TICHENOR, IRENE. No Art without Craft. The Life of Theodore Low De Vinne, Printer. Boston: David R Godine, 2005. xii, 330 pp. ISBN 1-56792-286-4. $35.00.
Theodore Low De Vinne was to be overshadowed by Bruce Rogers and Daniel Berkeley Updike in the next generation, but during his lifetime he was widely thought to be (as the British and Colonial Printer and Stationer remarked in 1901) "the dean of American printers." Although it is surprising that he has received so little attention from printing historians, Irene Tichenor has now filled this gap with an outstanding biography of De Vinne that places him firmly in the context of late-nineteenth- and early-twentieth-century America.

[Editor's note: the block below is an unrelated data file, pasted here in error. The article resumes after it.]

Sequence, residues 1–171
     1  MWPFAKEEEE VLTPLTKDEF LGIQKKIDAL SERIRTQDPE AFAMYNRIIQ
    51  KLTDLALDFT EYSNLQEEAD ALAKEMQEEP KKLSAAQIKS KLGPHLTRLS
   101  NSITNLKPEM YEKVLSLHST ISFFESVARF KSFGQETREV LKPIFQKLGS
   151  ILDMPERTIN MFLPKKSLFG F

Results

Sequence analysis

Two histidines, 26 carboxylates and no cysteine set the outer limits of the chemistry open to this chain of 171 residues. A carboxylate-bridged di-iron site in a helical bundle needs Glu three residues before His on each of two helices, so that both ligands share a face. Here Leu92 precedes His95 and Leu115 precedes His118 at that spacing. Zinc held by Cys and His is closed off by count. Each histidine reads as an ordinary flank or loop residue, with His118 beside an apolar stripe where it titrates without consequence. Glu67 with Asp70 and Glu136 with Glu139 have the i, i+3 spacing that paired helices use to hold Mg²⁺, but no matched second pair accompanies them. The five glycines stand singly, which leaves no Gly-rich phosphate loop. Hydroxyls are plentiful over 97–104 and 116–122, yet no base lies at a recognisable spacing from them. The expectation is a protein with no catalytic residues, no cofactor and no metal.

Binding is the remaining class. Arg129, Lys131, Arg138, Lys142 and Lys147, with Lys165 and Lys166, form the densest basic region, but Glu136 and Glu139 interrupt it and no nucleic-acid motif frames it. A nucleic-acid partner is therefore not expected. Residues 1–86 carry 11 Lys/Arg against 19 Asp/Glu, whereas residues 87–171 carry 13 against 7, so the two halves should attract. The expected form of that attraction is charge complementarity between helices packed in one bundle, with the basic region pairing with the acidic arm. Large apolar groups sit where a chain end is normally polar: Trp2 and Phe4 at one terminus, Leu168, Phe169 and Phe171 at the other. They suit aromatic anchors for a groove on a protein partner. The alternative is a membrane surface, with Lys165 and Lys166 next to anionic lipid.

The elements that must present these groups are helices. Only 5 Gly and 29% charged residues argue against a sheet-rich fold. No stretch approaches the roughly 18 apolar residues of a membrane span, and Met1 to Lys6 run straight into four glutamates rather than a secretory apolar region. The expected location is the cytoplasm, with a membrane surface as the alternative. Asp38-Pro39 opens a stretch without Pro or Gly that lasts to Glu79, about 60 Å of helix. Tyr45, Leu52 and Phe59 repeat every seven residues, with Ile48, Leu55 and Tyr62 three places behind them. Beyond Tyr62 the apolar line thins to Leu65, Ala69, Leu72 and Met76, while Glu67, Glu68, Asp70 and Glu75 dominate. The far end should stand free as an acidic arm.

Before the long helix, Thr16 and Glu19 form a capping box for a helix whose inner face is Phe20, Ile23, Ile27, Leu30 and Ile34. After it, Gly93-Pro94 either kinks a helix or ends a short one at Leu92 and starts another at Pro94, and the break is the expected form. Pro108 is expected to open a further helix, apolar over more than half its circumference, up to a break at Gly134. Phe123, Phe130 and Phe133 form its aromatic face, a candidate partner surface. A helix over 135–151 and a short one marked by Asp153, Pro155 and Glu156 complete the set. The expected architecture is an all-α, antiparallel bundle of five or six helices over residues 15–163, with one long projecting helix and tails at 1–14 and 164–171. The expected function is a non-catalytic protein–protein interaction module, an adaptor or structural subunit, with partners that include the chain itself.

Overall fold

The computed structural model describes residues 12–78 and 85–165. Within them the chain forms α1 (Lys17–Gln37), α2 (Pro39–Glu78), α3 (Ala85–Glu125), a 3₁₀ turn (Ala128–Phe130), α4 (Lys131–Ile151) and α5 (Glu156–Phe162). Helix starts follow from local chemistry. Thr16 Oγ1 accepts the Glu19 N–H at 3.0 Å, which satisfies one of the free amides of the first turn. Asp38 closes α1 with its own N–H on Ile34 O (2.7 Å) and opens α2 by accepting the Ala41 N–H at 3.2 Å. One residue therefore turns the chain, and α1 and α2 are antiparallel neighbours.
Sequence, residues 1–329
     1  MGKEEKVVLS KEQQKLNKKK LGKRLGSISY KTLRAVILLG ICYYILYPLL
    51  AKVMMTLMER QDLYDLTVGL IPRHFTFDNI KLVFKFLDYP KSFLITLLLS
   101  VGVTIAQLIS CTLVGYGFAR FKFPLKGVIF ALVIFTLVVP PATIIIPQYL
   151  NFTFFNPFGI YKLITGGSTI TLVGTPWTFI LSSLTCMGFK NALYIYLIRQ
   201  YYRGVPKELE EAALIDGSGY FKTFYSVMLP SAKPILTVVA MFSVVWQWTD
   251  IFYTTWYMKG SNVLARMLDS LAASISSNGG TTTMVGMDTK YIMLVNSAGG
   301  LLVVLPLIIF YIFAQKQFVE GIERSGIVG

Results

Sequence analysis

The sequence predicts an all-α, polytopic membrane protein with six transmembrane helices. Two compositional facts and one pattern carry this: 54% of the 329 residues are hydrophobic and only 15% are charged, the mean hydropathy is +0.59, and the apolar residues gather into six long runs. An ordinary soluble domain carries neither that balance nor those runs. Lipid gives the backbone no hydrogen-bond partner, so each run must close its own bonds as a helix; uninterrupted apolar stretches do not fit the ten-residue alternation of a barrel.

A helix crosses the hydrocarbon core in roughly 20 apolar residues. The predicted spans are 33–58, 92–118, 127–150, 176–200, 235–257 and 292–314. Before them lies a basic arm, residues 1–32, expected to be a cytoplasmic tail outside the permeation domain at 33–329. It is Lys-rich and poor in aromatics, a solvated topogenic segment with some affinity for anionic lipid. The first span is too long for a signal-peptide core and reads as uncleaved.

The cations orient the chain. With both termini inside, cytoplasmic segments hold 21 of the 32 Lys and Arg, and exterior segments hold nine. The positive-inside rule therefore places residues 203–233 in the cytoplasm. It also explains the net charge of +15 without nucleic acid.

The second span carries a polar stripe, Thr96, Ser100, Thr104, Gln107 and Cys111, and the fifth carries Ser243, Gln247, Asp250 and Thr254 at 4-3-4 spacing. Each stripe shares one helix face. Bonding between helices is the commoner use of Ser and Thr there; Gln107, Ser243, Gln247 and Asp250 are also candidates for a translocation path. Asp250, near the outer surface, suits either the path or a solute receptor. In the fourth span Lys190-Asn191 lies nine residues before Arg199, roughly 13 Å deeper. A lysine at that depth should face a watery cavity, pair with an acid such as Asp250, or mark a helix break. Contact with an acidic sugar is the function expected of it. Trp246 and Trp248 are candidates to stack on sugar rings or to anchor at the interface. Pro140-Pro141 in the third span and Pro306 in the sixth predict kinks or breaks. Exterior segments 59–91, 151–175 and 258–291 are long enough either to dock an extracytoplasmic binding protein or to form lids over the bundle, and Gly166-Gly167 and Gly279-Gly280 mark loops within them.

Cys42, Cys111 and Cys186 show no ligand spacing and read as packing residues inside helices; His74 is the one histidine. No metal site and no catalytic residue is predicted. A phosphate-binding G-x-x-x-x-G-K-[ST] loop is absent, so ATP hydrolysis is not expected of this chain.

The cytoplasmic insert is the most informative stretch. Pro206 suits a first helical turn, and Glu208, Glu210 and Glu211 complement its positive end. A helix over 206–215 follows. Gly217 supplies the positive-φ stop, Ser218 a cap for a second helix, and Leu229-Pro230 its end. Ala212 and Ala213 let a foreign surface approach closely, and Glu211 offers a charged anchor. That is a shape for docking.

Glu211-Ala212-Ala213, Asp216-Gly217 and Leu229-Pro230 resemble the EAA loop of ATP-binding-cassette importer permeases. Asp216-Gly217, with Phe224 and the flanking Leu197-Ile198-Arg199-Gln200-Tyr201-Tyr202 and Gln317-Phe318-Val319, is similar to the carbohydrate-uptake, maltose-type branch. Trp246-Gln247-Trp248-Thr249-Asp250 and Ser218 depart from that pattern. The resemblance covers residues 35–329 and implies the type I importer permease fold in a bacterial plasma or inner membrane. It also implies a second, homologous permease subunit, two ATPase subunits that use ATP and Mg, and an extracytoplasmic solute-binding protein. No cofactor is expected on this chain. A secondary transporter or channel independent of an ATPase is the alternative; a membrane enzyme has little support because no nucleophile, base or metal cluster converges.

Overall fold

After an upstate apprenticeship, De Vinne moved to New York City and there, through diligence and resourcefulness, made himself the master of a key industry in a lively, bustling city at the center of the capitalist world. Though a highly successful businessman, De Vinne also achieved fame as an historian, as one of the founders of the Grolier Club, and as a writer and speaker about all things typographical. He is really a very attractive figure--sensible, learned, fair-minded--and Dr. Tichenor (who displays these same qualities herself) has done justice to his interesting career.
She has trawled through everypossible archive, even less obvious sources such as the real estate contracts for the imposing Manhattan building that housed his printing plant. …